When I heard that Kensington Palace’s orangery tearoom was going to serve a lunch of wartime rations based on 1940s recipes, I thought I’d have to hunt out a pizza place afterwards to assuage my hunger. Turned out I was wrong.
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But could the food live up to its setting? After all, the orangery was constructed for a queen—Anne—in 1704. The red brick building with its 24 white Corinthian columns wasn’t exactly Buckingham Palace but neither was reminiscent of 1940s wartime London. I entered by way of the original Portland stone terrace and was shown to a table decked out in white linen.
At least the three-course meal didn’t include that famous wartime meat, Spam©. First to arrive was a lettuce, parsley and potato soup, looking strangely green, but tasty in spite of the colour and very filling. This dish was based on the British government’s campaign 'Dig for Victory' meant to get everyone to transform their gardens into allotments for growing vegetables.
Lettuce, parsley and potatoes were among the most popular veggies as they were thought to be highly nourishing. The government even went to the length to introduce ‘Dr. Carrot’ and ‘Potato Pete’, characters meant to encourage people to eat what they grew. It must have worked because, by 1943, over a million tons of vegetables were being grown in gardens and allotments.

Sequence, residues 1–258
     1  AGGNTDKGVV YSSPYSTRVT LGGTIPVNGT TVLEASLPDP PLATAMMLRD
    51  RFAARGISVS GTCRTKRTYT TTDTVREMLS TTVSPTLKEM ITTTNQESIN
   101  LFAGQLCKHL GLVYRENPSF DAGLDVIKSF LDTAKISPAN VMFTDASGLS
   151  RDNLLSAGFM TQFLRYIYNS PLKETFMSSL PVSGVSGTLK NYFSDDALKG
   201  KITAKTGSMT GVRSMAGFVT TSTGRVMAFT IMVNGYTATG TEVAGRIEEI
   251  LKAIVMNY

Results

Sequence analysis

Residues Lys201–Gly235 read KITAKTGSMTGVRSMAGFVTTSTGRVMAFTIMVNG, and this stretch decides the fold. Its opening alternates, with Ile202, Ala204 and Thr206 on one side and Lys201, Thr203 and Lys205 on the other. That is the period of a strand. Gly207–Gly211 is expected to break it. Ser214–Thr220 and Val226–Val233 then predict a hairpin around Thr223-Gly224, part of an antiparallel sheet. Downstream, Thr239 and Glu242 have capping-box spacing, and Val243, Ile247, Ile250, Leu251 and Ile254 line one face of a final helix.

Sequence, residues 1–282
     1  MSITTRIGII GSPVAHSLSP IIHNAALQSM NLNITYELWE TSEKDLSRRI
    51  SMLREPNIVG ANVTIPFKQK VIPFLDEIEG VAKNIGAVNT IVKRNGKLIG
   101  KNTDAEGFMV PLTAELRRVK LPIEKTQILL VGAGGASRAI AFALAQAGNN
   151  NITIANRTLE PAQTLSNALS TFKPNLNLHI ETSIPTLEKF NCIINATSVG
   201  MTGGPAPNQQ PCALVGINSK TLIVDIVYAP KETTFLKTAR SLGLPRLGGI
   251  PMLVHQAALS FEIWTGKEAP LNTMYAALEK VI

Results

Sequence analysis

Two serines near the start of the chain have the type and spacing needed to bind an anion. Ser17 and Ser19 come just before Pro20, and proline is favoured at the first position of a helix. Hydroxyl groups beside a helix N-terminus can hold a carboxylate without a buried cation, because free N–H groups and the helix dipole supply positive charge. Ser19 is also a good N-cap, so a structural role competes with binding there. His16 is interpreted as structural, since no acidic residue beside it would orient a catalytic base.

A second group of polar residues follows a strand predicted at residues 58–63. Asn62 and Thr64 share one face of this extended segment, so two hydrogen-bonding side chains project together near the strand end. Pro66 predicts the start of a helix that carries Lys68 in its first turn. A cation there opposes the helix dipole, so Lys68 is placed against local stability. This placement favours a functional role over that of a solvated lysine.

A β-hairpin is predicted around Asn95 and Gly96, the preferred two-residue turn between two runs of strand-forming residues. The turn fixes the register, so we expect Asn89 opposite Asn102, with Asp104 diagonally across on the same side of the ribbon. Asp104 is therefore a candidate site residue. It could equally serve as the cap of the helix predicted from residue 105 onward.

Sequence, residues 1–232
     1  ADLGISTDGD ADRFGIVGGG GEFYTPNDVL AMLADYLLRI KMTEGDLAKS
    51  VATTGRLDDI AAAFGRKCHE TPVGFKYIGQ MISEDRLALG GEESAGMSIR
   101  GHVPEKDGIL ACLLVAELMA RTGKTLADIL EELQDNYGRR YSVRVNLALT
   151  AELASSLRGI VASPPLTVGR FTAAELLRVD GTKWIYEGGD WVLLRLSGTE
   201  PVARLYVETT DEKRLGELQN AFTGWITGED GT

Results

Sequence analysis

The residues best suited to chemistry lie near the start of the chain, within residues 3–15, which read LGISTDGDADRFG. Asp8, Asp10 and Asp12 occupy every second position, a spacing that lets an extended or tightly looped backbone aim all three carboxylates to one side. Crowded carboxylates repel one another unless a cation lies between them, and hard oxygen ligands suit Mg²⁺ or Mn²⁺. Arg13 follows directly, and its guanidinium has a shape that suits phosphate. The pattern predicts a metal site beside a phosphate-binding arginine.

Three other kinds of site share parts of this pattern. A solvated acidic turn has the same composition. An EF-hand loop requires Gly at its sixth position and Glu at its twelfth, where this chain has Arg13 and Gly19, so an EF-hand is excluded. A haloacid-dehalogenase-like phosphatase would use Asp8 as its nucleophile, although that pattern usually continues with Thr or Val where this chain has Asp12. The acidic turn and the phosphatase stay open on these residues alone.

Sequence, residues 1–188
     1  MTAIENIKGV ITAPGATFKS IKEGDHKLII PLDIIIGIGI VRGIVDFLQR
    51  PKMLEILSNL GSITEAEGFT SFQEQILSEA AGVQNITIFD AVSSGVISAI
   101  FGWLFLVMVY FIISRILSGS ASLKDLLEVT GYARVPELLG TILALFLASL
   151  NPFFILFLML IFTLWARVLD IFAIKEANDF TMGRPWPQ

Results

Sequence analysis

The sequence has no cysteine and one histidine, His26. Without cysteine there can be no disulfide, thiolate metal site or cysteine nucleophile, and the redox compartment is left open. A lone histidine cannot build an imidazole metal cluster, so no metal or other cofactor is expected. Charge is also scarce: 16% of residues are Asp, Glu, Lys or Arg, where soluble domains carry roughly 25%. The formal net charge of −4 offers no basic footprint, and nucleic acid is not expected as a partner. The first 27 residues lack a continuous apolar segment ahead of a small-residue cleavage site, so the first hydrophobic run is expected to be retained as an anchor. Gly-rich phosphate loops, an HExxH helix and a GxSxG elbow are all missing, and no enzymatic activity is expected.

My second course arrived and looked more familiar. Consisting of a salad of chicken, broad beans, cucumber, and lettuce with a mustard and tarragon vinaigrette, I couldn’t fault it in any way. I even thought I’d try it out in my own kitchen.
The meal was topped off with a choice of treacle tart, rock cake and plum jam, or a slice of carrot cake (I tried a taster of all three). This wartime lunch more than satisfied me in flavour and portion size. Plum jam was chosen for the menu as sugar was rationed during the war. Homegrown plums were plentiful so were turned into jam when the Ministry released extra sugar. Treacle (thick syrup) often substituted for sugar.
During the Second World War the British Government introduced food rationing. Each person was issued a ration book, which was full of coupons to be cut out and used to buy a fixed amount of rationed food each week. A point scheme was introduced for other non-rationed foods, and each person had an allowance of 16 points per month.
One typical week’s allowance: three and one quarter pounds meat, three pints of milk, three quarters of a pound to one pound of meat, one egg, three quarters of an ounce of cheese, four ounces of bacon, two ounces of tea, eight ounces of sugar, two ounces of butter, two ounces of cooking fat, and 16 points a month.
Meals eaten away from home were ‘off ration’ and a popular alternative for individuals who could afford it. The ability of the rich to enjoy almost pre-war levels of gastronomy led to such resentment that the government prevented restaurants charging more than five shillings a meal.
Interestingly, towards the end of World War II, it was noted that the health of the British nation improved quite dramatically despite rationing. National statistics reflected that individuals were healthier and notably more slender in their physique. This was attributed to the fact that poorer members of society were able to eat better-balanced and nutritionally superior diets, as everyone was given equal entitlement to foods. No mention was made of the switch to brown bread, the National Loaf having been introduced in 1942, made with more of the grain than white bread.
I don’t know if I was healthier after eating my wartime rationing, but thought a visit to the Cabinet War Rooms by St James Park, might just be in order.